As the rhinos travel around the world it is always very uplifting for me to see and hear what they have been getting up to on their travels, and that is why I appreciate it when teachers (or students) blog about their experiences with the visiting rhinos. Here is a blog post by Pru Thomas, year 6 teacher at Roseville College Junior school in New South Wales, where Lesedi has just been visiting:
We feel very privileged to have enjoyed a visit from a rhinoceros over the past few weeks. Lesedi is one of 5 rhinos from Cape Town in South Africa who are travelling the world to inform children everywhere about the plight of the world’s rhinos.
We learned that there are 5 types of rhino and they are all in danger of extinction.They are hunted and killed for their horns. Rhino horn is made of keratin just like our fingernails but many people believe it can be used to cure all sorts of medical problems. This is not true. So rhinos are killed for nothing.
Lesedi has already travelled almost 22 000 km from her home to visit us in Sydney. You can read lots more about her at http://saveourrhinos.wikispaces.com/The+Travelling+Rhinos
- You can read the original post on the Year 6RC blog here: http://goo.gl/QqiQ0w .
Thank you to the Pru Thomas and the Year 6 students at Roseville College for taking such good care of Lesedi and for spreading the awareness of rhino poaching!
Today I woke up to a very pleasant surprise – a blog post about The Travelling Rhinos Project written by a teacher in Korea (Nick Corben) whose class will be hosting a rhino soon. I was very impressed by the post and very honoured to have my project promoted in this way. Below is the blog post as it appears on Nick’s blog (http://goo.gl/KLkdO), with his permission, of course!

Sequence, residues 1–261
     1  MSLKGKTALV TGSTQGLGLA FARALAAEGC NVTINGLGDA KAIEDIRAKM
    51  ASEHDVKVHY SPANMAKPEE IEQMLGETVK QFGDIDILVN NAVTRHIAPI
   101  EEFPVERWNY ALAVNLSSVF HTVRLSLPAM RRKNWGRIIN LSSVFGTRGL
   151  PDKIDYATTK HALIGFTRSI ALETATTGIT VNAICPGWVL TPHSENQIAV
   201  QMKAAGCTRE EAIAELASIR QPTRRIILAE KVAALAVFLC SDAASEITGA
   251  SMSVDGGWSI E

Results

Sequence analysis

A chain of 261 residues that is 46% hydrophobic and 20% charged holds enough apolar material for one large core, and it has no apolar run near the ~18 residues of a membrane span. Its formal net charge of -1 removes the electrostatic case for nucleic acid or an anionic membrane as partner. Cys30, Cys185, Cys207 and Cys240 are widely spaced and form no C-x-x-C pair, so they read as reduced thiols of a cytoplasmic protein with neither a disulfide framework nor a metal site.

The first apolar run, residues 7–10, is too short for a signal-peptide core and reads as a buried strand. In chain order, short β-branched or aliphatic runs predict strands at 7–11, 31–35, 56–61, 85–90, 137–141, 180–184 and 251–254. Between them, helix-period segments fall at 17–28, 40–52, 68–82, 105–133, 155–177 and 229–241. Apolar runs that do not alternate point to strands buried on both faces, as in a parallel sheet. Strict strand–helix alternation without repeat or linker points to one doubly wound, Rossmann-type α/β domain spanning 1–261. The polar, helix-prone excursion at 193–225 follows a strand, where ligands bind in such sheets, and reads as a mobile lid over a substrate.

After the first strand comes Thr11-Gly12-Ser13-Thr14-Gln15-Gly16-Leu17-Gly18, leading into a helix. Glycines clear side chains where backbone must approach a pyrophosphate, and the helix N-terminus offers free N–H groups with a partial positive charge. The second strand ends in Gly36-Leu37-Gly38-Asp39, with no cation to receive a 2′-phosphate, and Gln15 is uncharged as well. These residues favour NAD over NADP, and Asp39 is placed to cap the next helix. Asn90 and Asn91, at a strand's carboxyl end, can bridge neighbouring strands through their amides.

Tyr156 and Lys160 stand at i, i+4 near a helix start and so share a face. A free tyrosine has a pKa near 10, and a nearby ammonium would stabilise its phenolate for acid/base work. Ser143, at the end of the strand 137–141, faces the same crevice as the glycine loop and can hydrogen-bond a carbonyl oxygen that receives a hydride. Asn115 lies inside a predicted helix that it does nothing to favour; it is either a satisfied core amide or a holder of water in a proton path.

The Travelling Rhino Project
In my last post, Have you thought about Going Global? I stated:
‘The new school of education is global collaboration. Open the door to find a whole new world!’
Actions speak louder than words. Practice what you preach. If you’re going to talk the talk, you’ve got to walk the walk!
You’ve heard all these clichés before, they all mean the same thing, back up your talk with actions…
So, after thinking about it for several days I thought, ‘Why not now?’ ‘What am I waiting for?’ I decided that I didn’t want to do the same Flat Classroom project that I did last timeand through my Twitter feed came across the Global Classroom Project.
After spending some time looking through this informative and intriguing website I signed up to be a ‘Mystery Skype caller.’ Essentially, I was added to a database of other teachers from around the globe who are interested in connecting their students. The Mystery Skype provides an engaging and fun way for individuals and classes to interact with each other, while developing communication, critical thinking and mapping skills. The project goals are listed here.
Further down the homepage I came across several good global collaborative projects my students and I could really get involved in. One of these really stood out for me; run by mentor teacher, Karen Stadler, an ICT Integration Co-ordinator for Elkanah House’sSenior Primary campus in Cape Town, South Africa.
The Travelling Rhino Project began life in July 2012 when Karen visited Kruger National Park and saw these magnificent animals up close and personal. Little did she realise these rhinos were under attack from greedy poachers who have been killing them at such a rate, they will likely be extinct by approximately 2020.
The aims of the project are to educate children about these animals; to raise awareness of their situation; to unite people of the world in protecting the rhinos for future generations and a hope that action can be taken against the perpetrators.
I chose this project because I loved the way that Karen has a real personal interest and passion in the rhinos and I felt very persuaded when I read the information on the wiki she had made. I felt that my students and I could try to make a difference and help the cause.